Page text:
Book Review: The Diary of a Bookseller, by Shaun Bythell

Available in bookshops nationwide.

cv_the_diary_of_a_booksellerYou don’t have to be a bookseller to enjoy Shaun Bythell’s The Diary of a Bookseller. It is a delightful, amusing daily diary that is just a pleasure to read. It is also a tale of the changing nature of bookseller in this digital age. Though his view of bookselling is sometimes rather cynical, it is cynicism touched with humour, especially in regard the oddities of customers and human beings in general.

Shaun bought the second hand bookshop in Wigtown, Scotland sixteen years ago. He had grown up near Wigtown and, home from university for Christmas, he dropped into The Bookshop to see if they had a copy of Leo Walmsley’s Three Fevers. In the course of conversation, the owner suggested he might like to buy the bookshop. He responded that he did not have any money, which earned the response ‘you don’t need money – what do you think banks are for.’

The diary was written in 2014, and starts each day with a note on how many online orders he had received overnight and how many of the orders he managed to find in his bookshelves. The numbers don’t always match. At the end of each day’s diary entries, he lists the number of customers and the takings for the day, excluding online sales. In between these two notes are passages of amusement, whimsy and often delightful insights into human behavior.

Food features in the book in different ways. Wigtown is Scotland’s National Booktown and there are more than 20 bookshops in the attractive seaside village in Dumfries and Galloway. Each year there is a Booktown Festival which attracts thousands of visitors to buy books and attend many events spread around the village. One night, while attending a festival some years ago, an exhausted author started rummaging around in Shaun’s bookshop looking for food. Shaun, who lives upstairs with Captain the cat, managed to rummage up some simple fare. The idea caught on, now the shop feeds some 200 authors and presenters engaged in the festival. Another angle on food is Nicky, a irregular worker in the book shop who brings in food for Shaun that she has found in the skip at the back of the local supermarket…

Inspired by this as a second-hand bookseller myself, I’m keeping a diary.

Reviewed by Lincoln Gould

The Diary of a Bookseller
by Shaun Bythell
Profile Books
ISBN: 9781781258820




Book Review: Adventures in Stationery, by James Ward

Available in bookstores nationwide.

I learned of this book at the Christmas Roadshow runimage-adventures-in-stationery-a-journey-through-your-pencil-case-james-ward-main by Allen & Unwin back in August. I am a great lover of stationery, so I knew immediately that this was a book for me – or perhaps it was just Melanie doing her job extremely well!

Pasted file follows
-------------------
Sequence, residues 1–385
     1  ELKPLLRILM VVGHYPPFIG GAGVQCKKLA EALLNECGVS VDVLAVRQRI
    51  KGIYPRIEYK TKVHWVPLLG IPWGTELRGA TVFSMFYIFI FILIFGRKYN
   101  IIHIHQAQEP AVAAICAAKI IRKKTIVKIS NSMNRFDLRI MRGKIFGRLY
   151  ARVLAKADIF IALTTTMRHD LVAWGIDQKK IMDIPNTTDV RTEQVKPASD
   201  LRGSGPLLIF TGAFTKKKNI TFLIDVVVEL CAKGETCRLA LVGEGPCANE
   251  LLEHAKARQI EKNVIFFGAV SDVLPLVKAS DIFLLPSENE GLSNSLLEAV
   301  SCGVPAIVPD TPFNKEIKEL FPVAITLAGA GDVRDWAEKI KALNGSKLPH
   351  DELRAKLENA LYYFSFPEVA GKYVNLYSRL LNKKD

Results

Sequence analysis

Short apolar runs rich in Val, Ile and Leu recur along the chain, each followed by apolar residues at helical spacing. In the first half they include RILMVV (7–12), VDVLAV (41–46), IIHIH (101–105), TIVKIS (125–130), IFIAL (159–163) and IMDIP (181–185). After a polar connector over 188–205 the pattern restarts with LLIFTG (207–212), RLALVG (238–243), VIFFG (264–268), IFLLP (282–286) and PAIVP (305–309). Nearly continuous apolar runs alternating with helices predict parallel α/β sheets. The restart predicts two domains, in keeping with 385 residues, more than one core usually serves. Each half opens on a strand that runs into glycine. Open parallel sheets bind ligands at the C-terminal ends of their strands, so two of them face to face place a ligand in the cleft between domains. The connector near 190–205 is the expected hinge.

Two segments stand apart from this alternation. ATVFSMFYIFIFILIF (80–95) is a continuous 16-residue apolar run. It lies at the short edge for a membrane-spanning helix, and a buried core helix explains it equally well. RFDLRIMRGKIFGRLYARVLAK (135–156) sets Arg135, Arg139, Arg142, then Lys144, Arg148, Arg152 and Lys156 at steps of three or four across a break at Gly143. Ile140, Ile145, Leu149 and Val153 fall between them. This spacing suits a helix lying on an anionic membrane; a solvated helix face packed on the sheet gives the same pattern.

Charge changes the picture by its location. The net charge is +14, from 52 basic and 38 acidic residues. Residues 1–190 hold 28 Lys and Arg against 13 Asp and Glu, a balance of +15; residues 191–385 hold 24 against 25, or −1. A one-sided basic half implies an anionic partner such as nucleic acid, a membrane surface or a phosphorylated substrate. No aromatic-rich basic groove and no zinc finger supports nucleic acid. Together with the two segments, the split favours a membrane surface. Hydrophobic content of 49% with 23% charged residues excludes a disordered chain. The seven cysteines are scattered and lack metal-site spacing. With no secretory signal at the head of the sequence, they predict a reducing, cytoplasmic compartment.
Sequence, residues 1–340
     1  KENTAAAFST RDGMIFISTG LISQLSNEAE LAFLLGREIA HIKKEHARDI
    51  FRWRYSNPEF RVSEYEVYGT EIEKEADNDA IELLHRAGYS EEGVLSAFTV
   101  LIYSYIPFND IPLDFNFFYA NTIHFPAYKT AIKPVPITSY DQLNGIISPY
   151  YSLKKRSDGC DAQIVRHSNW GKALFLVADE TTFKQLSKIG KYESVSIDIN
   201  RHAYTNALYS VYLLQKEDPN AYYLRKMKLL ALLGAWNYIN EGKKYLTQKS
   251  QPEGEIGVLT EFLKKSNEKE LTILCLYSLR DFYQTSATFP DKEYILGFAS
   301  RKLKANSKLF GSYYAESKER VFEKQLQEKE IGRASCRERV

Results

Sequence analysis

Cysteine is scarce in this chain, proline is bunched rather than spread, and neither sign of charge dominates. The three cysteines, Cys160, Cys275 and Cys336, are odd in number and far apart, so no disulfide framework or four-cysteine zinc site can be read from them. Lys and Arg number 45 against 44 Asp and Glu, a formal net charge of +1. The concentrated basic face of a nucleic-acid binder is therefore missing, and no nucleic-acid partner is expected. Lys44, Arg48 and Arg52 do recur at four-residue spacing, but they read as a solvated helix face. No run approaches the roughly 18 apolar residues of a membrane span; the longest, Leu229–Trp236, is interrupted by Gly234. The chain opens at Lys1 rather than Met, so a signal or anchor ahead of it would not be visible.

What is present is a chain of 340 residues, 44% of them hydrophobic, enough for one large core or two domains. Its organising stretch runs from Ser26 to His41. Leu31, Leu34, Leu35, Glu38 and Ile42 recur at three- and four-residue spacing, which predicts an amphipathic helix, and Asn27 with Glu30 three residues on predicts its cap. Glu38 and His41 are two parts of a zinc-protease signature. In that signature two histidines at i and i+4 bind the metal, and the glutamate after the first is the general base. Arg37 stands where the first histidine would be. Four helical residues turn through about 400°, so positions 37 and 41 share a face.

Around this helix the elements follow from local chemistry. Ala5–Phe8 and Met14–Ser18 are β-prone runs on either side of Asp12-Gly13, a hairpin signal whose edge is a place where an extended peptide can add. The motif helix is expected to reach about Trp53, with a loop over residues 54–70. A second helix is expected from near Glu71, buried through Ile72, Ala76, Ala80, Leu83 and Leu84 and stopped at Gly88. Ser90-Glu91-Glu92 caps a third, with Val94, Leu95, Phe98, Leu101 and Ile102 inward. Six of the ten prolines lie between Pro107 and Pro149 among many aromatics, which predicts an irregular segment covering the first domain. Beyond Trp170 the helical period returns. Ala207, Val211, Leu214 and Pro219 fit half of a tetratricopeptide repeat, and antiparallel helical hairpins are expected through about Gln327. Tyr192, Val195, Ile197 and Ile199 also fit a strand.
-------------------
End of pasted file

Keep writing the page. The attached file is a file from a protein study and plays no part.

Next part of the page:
This is the most fascinating history of stuff I have read in a long time. James Ward expertly weaves for us the tales and the history of stationery, making what could have been a very shallow book into a meaningful work of social and industrial history. The book covers the brilliant inventors, both those who dedicated their life to invention to a purpose, and those who accidentally solved a long-standing problem and built careers and companies on this happy accident.

The subtitle ‘A journey through your pencil case’ is apt, for this book covers writing implements and instruments like pen and paper (and moleskine notebooks), office tools like paper clips (they have a surprisingly rich history), ways of removing writing, staplers – including the notorious Swingline in Office Space, and neon-coloured implements like post-it notes and highlighters. I thought of a few more things that could have been included – rubber bands and bulldog clips being two of them – but really, if every item was to be included, the book may never have ended. Perhaps I should check out his blog.

James Ward is known in the UK as the man who curates the Boring Conference. His writing is light enough to be entertaining, persuasive enough for you to believe his tall tales, and self-effacing enough to mark him most definitely as a Brit.

My favourite invention tale in this book was that of not-terribly-good typist Bette Nesmith Graham, inventor of ‘Liquid Paper,’ in 1951. Demand for this handy tool for not-terribly-good typists (and writers) grew to 25 million bottles a year by 1975, and she sold it in 1979 to the Gilette Corporation for $47.5 million dollars. The kicker was that her son Mike Nesmith – who was a member of The Monkees – later used his inheritance from his mother’s business savvy, to conceive of ‘PopClips’, paving the way for MTV.

A wonderful book of tales tall and short, and one I have to recommend to everybody who knows a stationery fan like myself, or just anybody with an interest in the way history pushes up ideas people need, just as they are required.

Reviewed by Sarah Forster

Adventures in Stationery: A journey through your pencil case
by James Ward
Published by Profile Books Ltd
ISBN 9781846686153